Risk and Reward of Value Investing

Food for thought. Consider the example here:

Let say someone hands you a six-shooter and he had slipped one cartridge into it. You just need to spin it and pull it once to your head. If you survive, he will give you $1 million. You reject, perhaps that $1 million is not enough. Then he offers you $5 million to pull the trigger twice – now that would be a positive correlation between risk and reward! (Example pulled from one of Warren Buffett’s articles)

I think most people have the idea that risk and reward are correlated in a positive fashion. The higher the risk, the greater the return. Sound common sense and logical.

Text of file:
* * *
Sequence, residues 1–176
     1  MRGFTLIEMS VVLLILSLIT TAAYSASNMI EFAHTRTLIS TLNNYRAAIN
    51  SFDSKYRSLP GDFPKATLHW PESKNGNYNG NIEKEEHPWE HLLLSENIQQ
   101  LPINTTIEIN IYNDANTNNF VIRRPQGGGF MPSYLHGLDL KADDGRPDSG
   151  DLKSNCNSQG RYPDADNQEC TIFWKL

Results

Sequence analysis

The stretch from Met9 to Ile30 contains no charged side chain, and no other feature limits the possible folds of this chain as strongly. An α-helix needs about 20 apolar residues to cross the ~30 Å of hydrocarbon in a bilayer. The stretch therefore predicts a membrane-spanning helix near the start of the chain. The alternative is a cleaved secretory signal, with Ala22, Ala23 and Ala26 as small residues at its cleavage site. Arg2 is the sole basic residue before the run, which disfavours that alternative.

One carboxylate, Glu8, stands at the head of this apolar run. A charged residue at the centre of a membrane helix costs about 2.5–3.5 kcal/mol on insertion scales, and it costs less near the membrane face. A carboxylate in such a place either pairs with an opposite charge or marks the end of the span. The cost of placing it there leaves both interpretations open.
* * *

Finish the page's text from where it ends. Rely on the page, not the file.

However, the exact opposite is true with value investing. The lower the risk, the greater the return. How? Consider this:

If you buy a dollar bill for 60 cents, it’s riskier than if you buy a dollar bill for 40 cents, but the expectation of reward is greater in the latter case.

The greater the potential for reward in the value portfolio, the less risk there is. This is what Ben Graham meant by having a margin of safety. You don’t buy businesses worth $1 million with $0.9 million. You leave yourself an enormous margin. Just like when you build a bridge, you insist it can carry 30 tonnes, but you only drive 5 tonnes trucks across it. The same principle works in investing.